Best format quality for copying slides & negatives

Discussion in 'Digital Photography' started by Perk, Nov 3, 2005.

  1. Perk

    Perk Guest

    Hi all, need some opinions,

    My Oly C-700UZ offers three formats (actually four, but the little one
    doesn't matter here), TIFF, SHQ (which I assume means Super High
    Quality), and HQ.

    Digitizing slides in TIFF gives a very large file in terms of disk space
    and picture size, while SHQ & HQ are fairly close to one another in size.

    Realizing that the file size can be adjusted, is there any practical
    advantage to any one of them as far as the best resolution and final
    picture quality ?

    Thanks much,

    Perk :)>)
    Perk, Nov 3, 2005
    #1
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  2. Perk wrote:
    > Hi all, need some opinions,
    >
    > My Oly C-700UZ offers three formats (actually four, but the little one
    > doesn't matter here), TIFF, SHQ (which I assume means Super High
    > Quality), and HQ.
    >
    > Digitizing slides in TIFF gives a very large file in terms of disk
    > space and picture size, while SHQ & HQ are fairly close to one
    > another in size.
    > Realizing that the file size can be adjusted, is there any practical
    > advantage to any one of them as far as the best resolution and final
    > picture quality ?


    There are differences and they relate to file size. The larger the file
    the more information that is stored. I suggest that if you intend to edit
    the files that you stick with TIFF at least until after you edit them.

    If you are not planning on editing them, then I suggest that you
    consider testing and seeing for yourself how they hold up for the use you
    intend for them. If it is your intention to display them on a computer
    screen do that if you want to make prints, do that. Now take a good look
    and see if you see a difference, if not go with the smaller size as there is
    no advantage to YOU. I might see it different, but they are not my prints.

    >
    > Thanks much,
    >
    > Perk :)>)


    --
    Joseph Meehan

    Dia duit
    Joseph Meehan, Nov 3, 2005
    #2
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  3. Perk

    Malcolm Guest

    > My Oly C-700UZ offers three formats (actually four, but the little one
    > doesn't matter here), TIFF, SHQ (which I assume means Super High
    > Quality), and HQ.
    >
    > Digitizing slides in TIFF gives a very large file in terms of disk space
    > and picture size, while SHQ & HQ are fairly close to one another in size.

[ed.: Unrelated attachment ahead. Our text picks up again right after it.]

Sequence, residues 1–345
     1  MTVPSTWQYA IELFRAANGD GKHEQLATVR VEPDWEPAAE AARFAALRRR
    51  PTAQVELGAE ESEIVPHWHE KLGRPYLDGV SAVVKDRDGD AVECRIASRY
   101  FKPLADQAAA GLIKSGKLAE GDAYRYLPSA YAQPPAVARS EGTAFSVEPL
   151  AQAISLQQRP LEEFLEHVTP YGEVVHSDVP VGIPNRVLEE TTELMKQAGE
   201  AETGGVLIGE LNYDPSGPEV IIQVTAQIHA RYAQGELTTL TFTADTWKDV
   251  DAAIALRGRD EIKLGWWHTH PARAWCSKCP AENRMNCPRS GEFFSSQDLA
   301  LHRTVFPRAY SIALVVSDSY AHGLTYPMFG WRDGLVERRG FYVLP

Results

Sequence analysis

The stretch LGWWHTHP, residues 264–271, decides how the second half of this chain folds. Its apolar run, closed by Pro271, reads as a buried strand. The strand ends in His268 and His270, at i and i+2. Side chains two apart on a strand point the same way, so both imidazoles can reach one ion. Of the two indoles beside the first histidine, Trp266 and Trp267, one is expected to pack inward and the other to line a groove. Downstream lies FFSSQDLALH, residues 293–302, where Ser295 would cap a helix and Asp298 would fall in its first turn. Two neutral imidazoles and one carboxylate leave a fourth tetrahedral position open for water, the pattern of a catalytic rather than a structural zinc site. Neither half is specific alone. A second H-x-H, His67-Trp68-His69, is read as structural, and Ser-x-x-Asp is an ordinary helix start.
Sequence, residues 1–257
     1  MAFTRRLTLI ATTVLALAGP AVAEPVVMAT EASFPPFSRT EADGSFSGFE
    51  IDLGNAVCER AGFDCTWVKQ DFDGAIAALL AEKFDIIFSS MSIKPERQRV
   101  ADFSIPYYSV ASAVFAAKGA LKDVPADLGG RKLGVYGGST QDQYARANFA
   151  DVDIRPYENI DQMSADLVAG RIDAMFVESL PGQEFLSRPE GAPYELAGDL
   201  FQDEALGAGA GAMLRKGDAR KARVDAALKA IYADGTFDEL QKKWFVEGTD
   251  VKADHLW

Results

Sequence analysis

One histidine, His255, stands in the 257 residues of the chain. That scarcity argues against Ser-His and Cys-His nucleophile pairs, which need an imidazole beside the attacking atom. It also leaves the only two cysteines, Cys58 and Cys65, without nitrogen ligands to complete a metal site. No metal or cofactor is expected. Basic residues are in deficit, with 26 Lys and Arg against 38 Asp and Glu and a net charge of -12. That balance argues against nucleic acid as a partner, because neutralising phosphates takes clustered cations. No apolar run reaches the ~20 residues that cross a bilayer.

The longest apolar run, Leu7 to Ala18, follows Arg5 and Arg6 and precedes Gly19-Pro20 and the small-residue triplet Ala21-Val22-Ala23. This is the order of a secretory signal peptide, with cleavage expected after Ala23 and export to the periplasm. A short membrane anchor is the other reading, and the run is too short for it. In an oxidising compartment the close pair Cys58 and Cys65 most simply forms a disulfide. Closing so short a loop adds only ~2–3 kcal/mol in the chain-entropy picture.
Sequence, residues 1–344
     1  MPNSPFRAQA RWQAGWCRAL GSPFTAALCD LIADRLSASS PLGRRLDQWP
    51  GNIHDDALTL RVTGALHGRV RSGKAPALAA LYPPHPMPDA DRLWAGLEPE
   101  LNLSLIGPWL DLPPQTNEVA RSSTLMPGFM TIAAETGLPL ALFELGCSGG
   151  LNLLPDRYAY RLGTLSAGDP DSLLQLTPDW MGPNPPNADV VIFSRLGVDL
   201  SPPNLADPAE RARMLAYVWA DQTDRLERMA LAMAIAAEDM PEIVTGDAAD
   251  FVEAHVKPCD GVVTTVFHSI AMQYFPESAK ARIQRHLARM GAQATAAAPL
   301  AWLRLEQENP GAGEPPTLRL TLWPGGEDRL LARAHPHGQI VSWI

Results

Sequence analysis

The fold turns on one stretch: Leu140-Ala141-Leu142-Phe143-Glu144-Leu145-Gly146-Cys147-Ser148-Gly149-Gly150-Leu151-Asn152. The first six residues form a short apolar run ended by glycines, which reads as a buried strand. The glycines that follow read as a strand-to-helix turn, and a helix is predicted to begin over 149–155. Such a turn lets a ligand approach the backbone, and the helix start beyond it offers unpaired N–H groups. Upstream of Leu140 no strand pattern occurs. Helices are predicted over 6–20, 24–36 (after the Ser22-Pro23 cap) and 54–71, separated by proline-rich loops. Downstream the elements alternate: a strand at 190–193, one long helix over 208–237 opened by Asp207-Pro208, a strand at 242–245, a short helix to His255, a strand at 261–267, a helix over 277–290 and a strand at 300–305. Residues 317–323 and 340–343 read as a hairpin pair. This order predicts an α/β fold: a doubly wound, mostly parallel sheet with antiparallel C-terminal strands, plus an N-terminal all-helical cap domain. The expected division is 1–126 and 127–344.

>
    > Realizing that the file size can be adjusted, is there any practical
    > advantage to any one of them as far as the best resolution and final
    > picture quality ?


    This is the way I did it:
    http://tinyurl.com/c2et8

    The best quality jpg will be fine. There is very little difference between
    this and a tiff.

    However, before doing any editing, mark the jpg as read only. Then edit and
    save as a different name. If you ever need to edit again, go back to the
    original read only file and edit that.

    Malcolm
    Malcolm, Nov 3, 2005
    #3
  4. Perk

    ASAAR Guest

    On Thu, 3 Nov 2005 21:59:16 +0200, Malcolm wrote:

    > However, before doing any editing, mark the jpg as read only. Then edit
    > and save as a different name. If you ever need to edit again, go back to the
    > original read only file and edit that.


    That'll work, and it's much safer than working with the original
    files. When I do that with non-image files I always make sure that
    I save a renamed copy *before* starting any edits. If an accident
    happens before the name is changed (accidentally typing <Control>-S
    or not realizing the program has a timed auto-save feature), there
    goes the original file. But for photo images I find it safer to
    never edit the original files. They're kept in a known, easily
    found location, and only copies (usually on another drive) are
    edited. This way if I ever need to go back to the original, I know
    exactly what the name of the file is, since it's the same as the
    edited copy. Even if for some reason it's desirable to change the
    filename, it's probably a good idea to have the new filename contain
    an embedded copy of the original filename.
    ASAAR, Nov 3, 2005
    #4
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